And Smalltalk? I did a Smalltalk project years ago, and I remember the language being very nice to develop in but impossibly slow at runtime on circa-1990 PCs. I assume Moore’s Law has long since fixed that. Python was the first OO language I worked with since then that was sufficiently nice in its own right that I didn’t resent it for the crime of Not Being Smalltallk. Smalltalk these days has a reputedly good cross platform open source implementation in the form of Squeak, and a strong contender for the current title of Most Interesting Web Framework in the form of Seaside. I downloaded them both and they worked first time. But. Squeak is such a wierd self-contained world, I really don’t feel I have the time or the motivation to get into learning my way around it just for the sake of a web framework. Quick googling also makes it far from clear how complete, stable and well-integrated its Unicode support is. So not just now. I appreciate that this may be my loss.


22nd July 2005 permanent link

I needed something for a project I’m working on that would let me easily enter romanised Sanskrit text on a normal keyboard (or better still, find romanised Sanskrit text on the internet) and then convert it to proper devanagari Sanskrit text in unicode.

Since I’m acutely aware that, as Phillip Eby puts it: “Python as a community is plagued by massive amounts of wheel-reinvention. The infamous web framework proliferation problem is just the most egregious example”, I did a bit of searching first to see if somebody has already done something similar that I could use/adapt/contribute to. It appears not: I found lots of people telling me how “transliterating” code line-for-line from other programming languages into python produces programs that are un-pythonic, ugly and slow – so don’t do it, folks – but nothing that looked anything like what I wanted.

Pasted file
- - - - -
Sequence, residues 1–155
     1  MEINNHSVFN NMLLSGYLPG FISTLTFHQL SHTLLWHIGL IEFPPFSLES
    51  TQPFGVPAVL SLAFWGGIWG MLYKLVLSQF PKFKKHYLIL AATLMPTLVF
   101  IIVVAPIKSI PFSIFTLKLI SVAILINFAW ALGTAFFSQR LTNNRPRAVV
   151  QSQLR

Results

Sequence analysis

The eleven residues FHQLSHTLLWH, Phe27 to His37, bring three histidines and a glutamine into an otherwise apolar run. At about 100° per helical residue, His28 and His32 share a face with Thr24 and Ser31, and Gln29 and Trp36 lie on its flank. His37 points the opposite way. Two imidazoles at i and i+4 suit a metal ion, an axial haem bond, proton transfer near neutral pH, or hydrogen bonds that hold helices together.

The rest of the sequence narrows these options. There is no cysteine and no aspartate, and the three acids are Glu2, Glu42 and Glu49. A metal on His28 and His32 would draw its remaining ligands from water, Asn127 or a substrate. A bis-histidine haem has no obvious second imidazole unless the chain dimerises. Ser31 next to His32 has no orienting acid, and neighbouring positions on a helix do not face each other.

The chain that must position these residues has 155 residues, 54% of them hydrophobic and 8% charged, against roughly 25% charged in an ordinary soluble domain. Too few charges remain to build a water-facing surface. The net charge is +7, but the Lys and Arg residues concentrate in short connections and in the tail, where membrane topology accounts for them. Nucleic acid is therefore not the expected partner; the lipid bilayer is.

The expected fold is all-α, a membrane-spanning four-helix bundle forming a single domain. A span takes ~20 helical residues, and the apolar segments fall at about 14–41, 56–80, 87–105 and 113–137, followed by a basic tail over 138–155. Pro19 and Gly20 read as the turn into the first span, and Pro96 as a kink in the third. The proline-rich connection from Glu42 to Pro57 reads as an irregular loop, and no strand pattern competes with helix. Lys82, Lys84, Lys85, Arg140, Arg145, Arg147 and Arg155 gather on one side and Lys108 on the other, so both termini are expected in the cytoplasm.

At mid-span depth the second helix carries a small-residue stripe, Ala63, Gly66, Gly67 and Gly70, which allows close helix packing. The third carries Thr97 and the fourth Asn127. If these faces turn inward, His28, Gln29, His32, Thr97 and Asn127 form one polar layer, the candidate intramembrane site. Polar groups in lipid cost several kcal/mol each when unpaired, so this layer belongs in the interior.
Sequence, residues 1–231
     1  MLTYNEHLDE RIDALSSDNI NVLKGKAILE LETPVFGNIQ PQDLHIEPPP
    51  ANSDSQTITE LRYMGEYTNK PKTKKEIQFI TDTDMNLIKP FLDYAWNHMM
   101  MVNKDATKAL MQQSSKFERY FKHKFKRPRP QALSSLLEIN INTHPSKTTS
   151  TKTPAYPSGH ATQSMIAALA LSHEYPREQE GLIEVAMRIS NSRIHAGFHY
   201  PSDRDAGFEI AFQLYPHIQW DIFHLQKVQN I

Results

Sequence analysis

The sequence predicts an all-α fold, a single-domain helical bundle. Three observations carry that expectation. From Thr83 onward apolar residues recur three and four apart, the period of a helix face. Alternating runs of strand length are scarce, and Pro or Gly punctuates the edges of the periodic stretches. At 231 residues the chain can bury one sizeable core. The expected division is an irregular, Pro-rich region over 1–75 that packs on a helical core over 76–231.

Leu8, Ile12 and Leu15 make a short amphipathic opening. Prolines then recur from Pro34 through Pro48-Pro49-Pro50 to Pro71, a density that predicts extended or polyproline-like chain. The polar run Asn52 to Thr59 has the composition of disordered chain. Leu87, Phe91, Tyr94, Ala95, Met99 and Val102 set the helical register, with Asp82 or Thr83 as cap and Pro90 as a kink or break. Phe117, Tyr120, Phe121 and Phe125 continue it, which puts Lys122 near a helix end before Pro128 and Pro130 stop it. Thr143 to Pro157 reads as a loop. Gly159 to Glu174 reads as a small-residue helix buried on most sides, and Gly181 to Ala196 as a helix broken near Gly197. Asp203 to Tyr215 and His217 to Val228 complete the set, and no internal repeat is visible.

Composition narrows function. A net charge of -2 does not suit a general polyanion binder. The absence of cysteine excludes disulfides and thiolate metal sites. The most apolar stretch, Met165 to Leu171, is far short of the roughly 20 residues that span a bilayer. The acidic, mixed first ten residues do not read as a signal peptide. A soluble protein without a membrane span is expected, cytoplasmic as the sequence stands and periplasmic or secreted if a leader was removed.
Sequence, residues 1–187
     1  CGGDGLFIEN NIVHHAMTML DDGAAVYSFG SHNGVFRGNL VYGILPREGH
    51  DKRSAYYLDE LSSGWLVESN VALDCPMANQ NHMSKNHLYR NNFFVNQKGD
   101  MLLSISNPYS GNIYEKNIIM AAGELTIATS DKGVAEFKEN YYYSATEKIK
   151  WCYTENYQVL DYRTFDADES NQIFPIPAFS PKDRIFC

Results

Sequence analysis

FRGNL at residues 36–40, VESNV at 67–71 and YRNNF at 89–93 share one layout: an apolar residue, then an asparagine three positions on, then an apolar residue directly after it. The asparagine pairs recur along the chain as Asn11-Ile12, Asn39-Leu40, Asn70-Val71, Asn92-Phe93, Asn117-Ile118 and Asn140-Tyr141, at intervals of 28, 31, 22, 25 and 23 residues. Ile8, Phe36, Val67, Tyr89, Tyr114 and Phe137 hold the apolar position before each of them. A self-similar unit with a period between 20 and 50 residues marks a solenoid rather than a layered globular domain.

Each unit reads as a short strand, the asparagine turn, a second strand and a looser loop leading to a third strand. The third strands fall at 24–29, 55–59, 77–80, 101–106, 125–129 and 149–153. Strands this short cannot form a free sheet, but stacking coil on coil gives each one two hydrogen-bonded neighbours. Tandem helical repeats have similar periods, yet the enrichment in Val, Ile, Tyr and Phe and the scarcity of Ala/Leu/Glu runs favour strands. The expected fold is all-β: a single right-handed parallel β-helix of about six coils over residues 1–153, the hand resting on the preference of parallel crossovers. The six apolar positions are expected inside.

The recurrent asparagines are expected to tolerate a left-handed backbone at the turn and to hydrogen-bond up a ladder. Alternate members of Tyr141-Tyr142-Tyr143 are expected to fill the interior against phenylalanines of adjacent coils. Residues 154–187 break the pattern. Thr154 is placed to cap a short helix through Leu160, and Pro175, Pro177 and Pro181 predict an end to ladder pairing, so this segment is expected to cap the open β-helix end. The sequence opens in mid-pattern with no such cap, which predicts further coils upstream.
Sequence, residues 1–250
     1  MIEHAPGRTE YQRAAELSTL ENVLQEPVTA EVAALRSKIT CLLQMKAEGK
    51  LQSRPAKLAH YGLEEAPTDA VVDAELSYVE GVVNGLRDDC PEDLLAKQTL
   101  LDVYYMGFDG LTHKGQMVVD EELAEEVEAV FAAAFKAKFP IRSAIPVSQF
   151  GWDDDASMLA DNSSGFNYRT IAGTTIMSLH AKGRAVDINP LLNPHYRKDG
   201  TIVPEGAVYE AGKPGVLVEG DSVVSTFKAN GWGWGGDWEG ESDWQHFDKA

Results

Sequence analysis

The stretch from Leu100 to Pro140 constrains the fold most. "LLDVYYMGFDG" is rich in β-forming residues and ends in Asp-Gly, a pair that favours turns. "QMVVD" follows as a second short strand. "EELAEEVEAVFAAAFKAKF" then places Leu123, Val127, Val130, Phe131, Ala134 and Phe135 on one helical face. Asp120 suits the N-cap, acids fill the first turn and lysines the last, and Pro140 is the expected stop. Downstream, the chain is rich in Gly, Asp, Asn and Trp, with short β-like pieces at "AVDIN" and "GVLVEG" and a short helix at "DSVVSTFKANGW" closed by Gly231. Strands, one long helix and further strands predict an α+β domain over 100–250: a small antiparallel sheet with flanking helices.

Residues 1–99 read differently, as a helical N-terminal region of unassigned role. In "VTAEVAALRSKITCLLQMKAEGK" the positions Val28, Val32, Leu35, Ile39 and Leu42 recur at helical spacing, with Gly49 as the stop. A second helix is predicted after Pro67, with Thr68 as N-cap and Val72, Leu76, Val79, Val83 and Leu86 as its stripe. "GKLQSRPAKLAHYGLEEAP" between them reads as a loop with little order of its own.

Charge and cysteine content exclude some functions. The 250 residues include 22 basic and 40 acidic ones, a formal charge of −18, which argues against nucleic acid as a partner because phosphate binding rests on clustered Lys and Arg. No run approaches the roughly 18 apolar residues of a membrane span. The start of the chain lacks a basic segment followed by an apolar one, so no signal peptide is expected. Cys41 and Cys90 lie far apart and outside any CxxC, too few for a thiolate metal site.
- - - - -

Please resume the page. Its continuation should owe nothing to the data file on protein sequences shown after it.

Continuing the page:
So I wrote Version 0.1 is available here for download in case any body else needs something similar. It even has documentation of sorts.

From a command line it works like this:

python text inputFormat outputFormat > outputFile

… assuming you have python installed. Mac and Linux users do. Windows users can get it here. text can be either the actual text you want transliterated, or the name of a file containing it. inputFormat and outputFormat are what you want to transliterate from and to, e.g. “HarvardKyoto”, “Devanagari”. If you don’t specify an output file, the transliterated results will just be shown on the screen.

See the documentation for examples of how to call transliterator from another python program, which allows you to set up your own transliterations and have more control over input and output encodings.

Version 0.1 supports transliteration to and from Sanskrit Devanagari using IAST, ITRANS and Harvard-Kyoto transliterations. Here’s an at-a-glance table of common Sanskrit transliterations. I think it wouldn't be too big a job to adapt it to modern Indian languages. ISO-9 transliteration for Cyrillic (Russian only) is in there too, but I haven’t really made any serious attempt to test that yet. It also supports users adding their own transliterations.

one simple & obvious way

18th July 2005 permanent link

One of the key qualities of python is supposed to be (and is, mostly) its cleanness and elegance. In contrast to perl, where no two programmers are ever supposed to do the same thing in the same way, in python there’s supposed to be “one simple and obvious way to do it”. Let’s look at this, for a couple of different values of “it”.

I discovered when I profiled my current project that it spends nearly half its time in a single function, and that function spends most of its time on a very common and obvious python programming scenario:

you want to look something up in a dictionary, but it might not be there

What’s the one simple and obvious way to do this? There are three. (At least).

Another python programming principle, we are often told, is it is easier to ask forgiveness than permission. So just try it, then worry about what to do if it fails:

    value = d[key]
except KeyError:
    value = default

That should work nicely as long you’re expecting to usually find what you’re looking for. If your expected hit rate is low (it isn’t in my particular situation, but it could be), then instead of raising lots of exceptions it might be better to look before you leap:

if key in d:
    value = d[key]
    value = default